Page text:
Going to college in Boston, Marathon Monday was the best day of the year. The world's oldest marathon, the Boston Marathon began in 1897, and has occurred every year since. Each Marathon Monday, approximately half a million people gather to watch the roughly 30,000 runners as they trek from Hopkinton to Copley Square in Boston. Inspired by the marathon competition of the 1896 Summer Olympics, the Boston Marathon has evolved into an international event with runners participating from up to 60 different countries. Though it's a 26.2 mile race just like any other marathon, it has developed into a fundamental part of Boston's history and culture, with most schools and businesses given the day off to celebrate the momentous day.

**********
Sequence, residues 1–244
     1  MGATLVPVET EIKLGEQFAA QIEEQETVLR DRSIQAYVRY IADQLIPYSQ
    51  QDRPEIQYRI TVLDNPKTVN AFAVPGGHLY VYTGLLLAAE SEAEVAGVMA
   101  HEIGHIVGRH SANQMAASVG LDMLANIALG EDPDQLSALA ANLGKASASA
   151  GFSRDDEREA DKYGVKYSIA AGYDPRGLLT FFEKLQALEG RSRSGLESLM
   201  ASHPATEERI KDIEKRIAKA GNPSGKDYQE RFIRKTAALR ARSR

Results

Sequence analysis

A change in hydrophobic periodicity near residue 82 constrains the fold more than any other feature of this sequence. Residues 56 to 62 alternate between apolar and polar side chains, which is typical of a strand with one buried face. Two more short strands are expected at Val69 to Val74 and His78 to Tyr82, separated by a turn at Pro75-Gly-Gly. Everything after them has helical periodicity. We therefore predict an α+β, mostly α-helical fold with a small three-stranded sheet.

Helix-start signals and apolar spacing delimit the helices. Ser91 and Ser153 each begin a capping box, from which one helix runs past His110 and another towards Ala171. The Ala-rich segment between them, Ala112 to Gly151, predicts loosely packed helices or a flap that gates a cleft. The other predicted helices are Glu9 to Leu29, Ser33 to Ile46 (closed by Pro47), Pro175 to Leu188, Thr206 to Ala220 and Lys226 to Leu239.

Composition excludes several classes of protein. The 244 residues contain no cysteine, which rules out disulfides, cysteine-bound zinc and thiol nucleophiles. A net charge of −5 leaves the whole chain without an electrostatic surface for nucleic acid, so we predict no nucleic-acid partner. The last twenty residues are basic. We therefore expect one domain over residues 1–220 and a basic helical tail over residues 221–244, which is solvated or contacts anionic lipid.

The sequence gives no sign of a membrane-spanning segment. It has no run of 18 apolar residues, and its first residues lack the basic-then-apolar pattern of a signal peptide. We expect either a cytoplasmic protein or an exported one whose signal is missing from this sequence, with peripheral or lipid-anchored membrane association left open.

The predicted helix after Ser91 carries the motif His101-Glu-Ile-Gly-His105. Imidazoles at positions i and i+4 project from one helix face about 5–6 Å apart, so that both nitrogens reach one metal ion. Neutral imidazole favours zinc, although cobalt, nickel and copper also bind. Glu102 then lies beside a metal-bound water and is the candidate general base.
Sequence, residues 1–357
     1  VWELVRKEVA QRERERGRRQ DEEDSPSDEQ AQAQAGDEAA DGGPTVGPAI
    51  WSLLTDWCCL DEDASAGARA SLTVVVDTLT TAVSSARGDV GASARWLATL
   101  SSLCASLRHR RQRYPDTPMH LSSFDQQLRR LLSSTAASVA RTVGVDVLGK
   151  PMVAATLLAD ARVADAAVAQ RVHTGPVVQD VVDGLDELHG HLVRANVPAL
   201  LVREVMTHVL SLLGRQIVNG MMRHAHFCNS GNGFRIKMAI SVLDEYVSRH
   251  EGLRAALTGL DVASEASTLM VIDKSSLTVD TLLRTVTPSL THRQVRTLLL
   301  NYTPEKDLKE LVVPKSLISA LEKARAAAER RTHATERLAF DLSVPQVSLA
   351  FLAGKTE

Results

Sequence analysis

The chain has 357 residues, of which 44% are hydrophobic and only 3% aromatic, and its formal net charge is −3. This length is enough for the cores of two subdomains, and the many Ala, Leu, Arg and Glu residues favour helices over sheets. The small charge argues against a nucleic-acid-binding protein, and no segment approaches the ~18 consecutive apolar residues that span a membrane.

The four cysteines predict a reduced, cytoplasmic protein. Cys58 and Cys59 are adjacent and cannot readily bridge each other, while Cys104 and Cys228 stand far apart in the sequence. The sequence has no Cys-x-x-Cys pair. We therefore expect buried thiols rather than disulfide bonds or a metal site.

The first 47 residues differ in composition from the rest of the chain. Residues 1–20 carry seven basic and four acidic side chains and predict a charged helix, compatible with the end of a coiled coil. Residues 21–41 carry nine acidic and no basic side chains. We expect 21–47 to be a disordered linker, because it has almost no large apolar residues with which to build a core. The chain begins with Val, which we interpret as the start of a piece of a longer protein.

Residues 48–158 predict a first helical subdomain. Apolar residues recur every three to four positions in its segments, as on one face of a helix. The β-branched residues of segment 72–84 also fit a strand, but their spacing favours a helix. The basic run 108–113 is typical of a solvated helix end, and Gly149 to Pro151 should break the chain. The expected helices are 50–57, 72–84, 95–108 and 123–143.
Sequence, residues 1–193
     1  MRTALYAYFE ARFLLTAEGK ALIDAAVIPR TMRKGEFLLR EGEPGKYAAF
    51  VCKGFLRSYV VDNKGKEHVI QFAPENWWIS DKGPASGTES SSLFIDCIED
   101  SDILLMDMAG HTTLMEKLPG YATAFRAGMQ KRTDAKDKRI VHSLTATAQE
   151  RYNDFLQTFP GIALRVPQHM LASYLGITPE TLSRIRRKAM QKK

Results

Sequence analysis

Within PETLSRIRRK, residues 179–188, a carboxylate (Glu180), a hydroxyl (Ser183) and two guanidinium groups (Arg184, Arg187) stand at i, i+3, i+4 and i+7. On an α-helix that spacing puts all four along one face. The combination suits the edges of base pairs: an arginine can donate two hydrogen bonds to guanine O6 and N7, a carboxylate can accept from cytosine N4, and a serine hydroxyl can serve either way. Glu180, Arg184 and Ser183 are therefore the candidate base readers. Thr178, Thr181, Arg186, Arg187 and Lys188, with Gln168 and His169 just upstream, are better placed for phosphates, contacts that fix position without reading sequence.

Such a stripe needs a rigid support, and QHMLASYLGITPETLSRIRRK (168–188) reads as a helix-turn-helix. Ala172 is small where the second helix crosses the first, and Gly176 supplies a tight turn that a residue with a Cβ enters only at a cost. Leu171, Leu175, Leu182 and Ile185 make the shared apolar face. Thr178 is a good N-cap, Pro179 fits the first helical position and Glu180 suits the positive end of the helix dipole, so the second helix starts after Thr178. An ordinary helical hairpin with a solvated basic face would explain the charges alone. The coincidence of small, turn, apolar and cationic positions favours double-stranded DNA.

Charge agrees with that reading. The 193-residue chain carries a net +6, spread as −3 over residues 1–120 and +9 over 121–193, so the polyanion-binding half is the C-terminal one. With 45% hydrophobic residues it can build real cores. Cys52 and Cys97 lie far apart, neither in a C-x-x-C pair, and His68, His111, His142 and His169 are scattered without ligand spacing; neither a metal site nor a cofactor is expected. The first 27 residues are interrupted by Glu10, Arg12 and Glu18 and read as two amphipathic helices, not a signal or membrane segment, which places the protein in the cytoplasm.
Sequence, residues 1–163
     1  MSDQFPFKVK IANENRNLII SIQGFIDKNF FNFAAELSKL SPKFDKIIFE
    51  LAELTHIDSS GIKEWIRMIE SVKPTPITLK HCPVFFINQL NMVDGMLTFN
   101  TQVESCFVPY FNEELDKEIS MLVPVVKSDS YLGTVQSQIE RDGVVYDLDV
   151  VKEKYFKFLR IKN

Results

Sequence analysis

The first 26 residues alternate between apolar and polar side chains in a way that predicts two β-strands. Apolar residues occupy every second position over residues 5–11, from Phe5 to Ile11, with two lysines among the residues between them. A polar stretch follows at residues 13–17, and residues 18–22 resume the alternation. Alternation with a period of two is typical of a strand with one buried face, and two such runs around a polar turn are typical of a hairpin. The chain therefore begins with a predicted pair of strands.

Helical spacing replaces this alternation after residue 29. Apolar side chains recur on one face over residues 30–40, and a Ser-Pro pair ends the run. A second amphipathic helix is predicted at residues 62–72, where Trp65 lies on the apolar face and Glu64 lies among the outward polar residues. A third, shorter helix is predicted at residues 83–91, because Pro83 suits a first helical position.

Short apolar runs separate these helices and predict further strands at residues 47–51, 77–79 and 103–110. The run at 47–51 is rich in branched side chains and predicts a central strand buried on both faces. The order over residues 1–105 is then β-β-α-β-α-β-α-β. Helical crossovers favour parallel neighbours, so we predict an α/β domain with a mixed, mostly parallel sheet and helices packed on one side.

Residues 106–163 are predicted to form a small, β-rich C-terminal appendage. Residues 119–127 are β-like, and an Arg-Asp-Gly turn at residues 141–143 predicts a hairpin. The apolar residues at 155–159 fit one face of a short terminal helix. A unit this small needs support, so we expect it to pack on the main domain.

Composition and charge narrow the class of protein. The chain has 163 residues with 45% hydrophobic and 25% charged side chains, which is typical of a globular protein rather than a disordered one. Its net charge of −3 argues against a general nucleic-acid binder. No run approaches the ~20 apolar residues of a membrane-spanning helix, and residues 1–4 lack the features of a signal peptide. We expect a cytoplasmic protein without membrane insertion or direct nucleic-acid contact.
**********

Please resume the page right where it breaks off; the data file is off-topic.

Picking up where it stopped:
In 2013, Marathon Monday started just like the years before. However, in just a matter of seconds in the mid-afternoon, everything changed and thus prompted the five days that showed the world what "Boston Strong" really means.
April 15, 2013 was exceptionally warm and sunny for a mid-April Boston day. It was my senior year at Boston University, my fourth Marathon Monday, and at this point we were all pros at navigating the long-awaited day. After eating our breakfast of eggs, toast, and beer, we headed down to the course at our usual watching place at the intersection of Beacon Street and Park Drive — about one mile from the finish line.